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dc.contributor.authorUstrell Borrás, Marina-
dc.contributor.authorTraboulsi Garet, Bassel-
dc.contributor.authorGay Escoda, Cosme-
dc.description.abstractBackground: Oral and pharynx cancer represent a serious global problem, reaching an incidence of half a million cases annually. The role of tobacco and alcohol have been studied and proven to be one of its risk factors. We also know that mouthwashes contain a variable percentage of alcohol, so there is a reasonable concern about their role in carcinogenesis. Materials and Methods: To answer the PICOS (Population; Intervention; Comparison; Outcomes; Study) question: "Do patients (Population) who use alcohol-based mouthwashes (Intervention) compared to those who do not use them (Comparison) have higher acetaldehyde levels in saliva or higher risk of oral cancer development? (Out- comes)" Meta-analyses, systematic reviews, randomized and non-randomized clinical trials, case-control stud- ies, and prospective and retrospective cohort studies were included (Study). Two independent authors conducted literature screening through MEDLINE, Scopus and the Cochrane Library, and they also conducted article and data extraction to undertake quality analyses. The main outcome measures were salivary acetaldehyde levels or the risk of oral cancer development. The most relevant data was extracted and the risk of bias from the studies included was also evaluated. Results: Out of 497 potentially eligible papers, 8 studies were included in the qualitative analysis which include a total of 43,499 subjects: two meta-analyses, a clinical trial, three case-control studies and two cohort studies. One study (n = 3,926) found a relationship between alcohol mouthwash and oral cancer, two studies (n = 25,033) found this relationship when a high frequency of mouthwash was present, three studies (n = 14,482) failed to find this rela- tionship and 2 studies (n = 58) found a temporary increase of acetaldehyde levels in saliva after alcohol mouthwash. Conclusions: It cannot be guaranteed that the use of mouthwash represents an independent risk factor for the develop- ment of head and neck cancer. However, the risk does increase when it occurs in association with other carcinogenic risk factors.-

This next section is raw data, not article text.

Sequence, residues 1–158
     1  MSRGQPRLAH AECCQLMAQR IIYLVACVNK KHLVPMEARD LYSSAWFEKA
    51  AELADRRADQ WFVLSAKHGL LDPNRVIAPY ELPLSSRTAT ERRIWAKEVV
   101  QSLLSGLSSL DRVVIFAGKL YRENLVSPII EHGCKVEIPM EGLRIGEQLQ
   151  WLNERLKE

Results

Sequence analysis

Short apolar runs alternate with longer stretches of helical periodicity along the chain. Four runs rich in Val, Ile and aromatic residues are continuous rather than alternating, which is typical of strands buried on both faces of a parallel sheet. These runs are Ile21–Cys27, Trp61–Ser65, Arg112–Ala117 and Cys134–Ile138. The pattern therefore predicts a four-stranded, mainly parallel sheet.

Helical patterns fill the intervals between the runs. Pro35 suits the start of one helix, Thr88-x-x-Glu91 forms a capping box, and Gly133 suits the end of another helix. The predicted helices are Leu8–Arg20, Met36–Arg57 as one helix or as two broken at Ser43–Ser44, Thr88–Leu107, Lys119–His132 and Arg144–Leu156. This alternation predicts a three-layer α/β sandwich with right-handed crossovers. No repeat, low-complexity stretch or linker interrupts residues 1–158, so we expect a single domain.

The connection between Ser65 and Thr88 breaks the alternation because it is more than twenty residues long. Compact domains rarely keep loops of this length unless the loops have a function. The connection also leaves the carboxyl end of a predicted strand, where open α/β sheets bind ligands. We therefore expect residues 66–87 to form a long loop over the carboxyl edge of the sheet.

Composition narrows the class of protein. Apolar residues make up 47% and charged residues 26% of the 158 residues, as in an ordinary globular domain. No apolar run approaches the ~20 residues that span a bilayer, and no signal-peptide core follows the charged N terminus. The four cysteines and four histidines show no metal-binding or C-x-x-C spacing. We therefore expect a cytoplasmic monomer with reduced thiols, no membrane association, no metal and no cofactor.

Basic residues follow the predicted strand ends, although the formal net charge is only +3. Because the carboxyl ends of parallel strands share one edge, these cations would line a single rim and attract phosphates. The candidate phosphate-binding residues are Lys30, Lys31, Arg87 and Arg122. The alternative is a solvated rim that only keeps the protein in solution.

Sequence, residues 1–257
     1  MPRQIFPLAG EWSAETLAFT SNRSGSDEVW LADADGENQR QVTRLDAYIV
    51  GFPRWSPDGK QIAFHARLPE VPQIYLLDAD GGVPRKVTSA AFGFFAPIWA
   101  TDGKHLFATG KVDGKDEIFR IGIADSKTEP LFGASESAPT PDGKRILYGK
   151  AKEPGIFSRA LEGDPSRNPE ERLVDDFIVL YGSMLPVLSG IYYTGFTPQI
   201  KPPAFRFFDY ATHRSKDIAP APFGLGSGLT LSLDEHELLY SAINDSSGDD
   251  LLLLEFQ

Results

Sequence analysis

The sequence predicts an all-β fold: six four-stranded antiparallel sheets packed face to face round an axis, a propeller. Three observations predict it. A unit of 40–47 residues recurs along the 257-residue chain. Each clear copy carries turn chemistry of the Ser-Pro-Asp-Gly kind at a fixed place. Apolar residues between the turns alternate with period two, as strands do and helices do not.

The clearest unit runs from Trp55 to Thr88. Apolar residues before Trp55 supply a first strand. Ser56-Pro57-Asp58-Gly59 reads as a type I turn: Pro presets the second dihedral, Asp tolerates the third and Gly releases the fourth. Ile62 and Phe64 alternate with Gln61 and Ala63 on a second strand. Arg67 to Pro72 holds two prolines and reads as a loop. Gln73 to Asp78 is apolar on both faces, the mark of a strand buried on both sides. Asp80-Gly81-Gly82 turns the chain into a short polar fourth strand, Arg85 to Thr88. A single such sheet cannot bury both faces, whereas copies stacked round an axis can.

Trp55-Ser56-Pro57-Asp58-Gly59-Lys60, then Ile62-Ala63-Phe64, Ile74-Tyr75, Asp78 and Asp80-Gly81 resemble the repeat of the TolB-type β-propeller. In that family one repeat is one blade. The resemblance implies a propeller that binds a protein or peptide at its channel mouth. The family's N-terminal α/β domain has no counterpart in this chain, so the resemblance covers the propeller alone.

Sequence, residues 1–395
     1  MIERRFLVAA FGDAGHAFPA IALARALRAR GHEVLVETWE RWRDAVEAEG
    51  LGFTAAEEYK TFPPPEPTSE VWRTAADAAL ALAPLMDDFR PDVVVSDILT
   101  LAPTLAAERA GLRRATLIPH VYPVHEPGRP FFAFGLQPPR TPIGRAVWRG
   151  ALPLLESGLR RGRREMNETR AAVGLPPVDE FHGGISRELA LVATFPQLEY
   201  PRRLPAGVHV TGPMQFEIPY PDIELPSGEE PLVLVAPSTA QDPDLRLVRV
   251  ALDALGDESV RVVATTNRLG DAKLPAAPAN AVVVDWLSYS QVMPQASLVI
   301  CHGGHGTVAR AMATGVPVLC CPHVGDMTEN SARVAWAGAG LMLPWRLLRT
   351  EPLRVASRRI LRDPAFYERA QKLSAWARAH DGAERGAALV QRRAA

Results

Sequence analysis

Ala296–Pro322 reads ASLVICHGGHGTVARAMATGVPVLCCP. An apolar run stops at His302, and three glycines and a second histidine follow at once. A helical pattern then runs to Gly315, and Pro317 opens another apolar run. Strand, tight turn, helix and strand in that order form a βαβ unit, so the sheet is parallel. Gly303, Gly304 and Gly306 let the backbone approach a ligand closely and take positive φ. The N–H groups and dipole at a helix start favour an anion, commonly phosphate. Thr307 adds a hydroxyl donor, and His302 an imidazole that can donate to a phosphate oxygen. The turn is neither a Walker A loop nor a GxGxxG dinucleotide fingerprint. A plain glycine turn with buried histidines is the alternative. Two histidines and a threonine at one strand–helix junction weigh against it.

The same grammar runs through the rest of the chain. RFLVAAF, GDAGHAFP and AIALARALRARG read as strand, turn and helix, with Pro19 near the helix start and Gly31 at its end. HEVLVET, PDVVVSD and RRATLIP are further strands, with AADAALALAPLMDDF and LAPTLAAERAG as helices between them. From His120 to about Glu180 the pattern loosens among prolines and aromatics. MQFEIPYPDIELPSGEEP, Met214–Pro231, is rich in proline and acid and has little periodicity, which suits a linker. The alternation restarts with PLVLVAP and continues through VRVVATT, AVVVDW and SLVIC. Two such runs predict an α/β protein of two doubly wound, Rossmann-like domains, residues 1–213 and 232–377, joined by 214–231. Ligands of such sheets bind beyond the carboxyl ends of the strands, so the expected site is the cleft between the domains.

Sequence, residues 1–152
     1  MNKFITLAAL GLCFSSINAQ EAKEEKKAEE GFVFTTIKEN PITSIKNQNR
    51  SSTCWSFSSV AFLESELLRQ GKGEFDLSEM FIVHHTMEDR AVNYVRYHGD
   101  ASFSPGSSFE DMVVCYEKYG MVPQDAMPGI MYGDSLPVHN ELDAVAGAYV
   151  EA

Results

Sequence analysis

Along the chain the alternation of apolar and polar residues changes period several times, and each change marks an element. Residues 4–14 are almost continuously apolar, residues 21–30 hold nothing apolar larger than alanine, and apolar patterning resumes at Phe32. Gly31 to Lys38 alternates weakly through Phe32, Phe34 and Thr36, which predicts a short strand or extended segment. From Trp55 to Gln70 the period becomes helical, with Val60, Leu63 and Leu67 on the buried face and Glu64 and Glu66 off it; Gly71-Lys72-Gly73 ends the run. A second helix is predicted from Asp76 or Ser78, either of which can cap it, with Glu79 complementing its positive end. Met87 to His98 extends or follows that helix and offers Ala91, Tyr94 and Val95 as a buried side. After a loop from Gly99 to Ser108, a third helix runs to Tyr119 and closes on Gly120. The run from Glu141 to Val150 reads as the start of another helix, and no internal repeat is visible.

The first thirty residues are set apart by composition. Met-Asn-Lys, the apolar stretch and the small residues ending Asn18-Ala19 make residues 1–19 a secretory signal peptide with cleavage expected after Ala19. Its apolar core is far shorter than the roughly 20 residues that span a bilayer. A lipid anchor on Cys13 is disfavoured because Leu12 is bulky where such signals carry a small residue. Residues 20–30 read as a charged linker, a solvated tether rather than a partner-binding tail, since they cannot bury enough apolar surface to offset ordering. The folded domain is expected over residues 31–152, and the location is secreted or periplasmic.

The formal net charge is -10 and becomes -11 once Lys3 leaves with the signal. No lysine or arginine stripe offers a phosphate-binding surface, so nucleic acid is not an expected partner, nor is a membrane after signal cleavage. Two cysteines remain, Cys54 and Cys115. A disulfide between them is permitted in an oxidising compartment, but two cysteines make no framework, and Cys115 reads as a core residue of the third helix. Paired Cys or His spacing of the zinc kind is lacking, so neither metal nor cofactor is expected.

dc.format.extent1 p.-
dc.publisherMedicina Oral SL-
dc.relation.isformatofReproducció del document publicat a:
dc.relation.ispartofMedicina Oral, Patología Oral y Cirugía Bucal, 2019, vol. 25, num. 1, p. e144-e12-
dc.rights(c) Medicina Oral SL, 2019-
dc.sourceArticles publicats en revistes (Odontoestomatologia)-
dc.subject.classificationCàncer de boca-
dc.subject.classificationHigiene bucal-
dc.subject.otherOral cancer-
dc.subject.otherOral hygiene-
dc.titleAlcohol-based mouthwash as a risk factor of oral cancer: A systematic review-
Appears in Collections:Articles publicats en revistes (Odontoestomatologia)
Articles publicats en revistes (Institut d'lnvestigació Biomèdica de Bellvitge (IDIBELL))

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